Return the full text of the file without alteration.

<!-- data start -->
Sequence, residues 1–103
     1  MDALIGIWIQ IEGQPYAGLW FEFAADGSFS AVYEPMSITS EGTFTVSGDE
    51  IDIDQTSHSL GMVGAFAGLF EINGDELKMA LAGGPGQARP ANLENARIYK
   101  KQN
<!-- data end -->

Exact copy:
Sequence, residues 1–103
     1  MDALIGIWIQ IEGQPYAGLW FEFAADGSFS AVYEPMSITS EGTFTVSGDE
    51  IDIDQTSHSL GMVGAFAGLF EINGDELKMA LAGGPGQARP ANLENARIYK
   101  KQN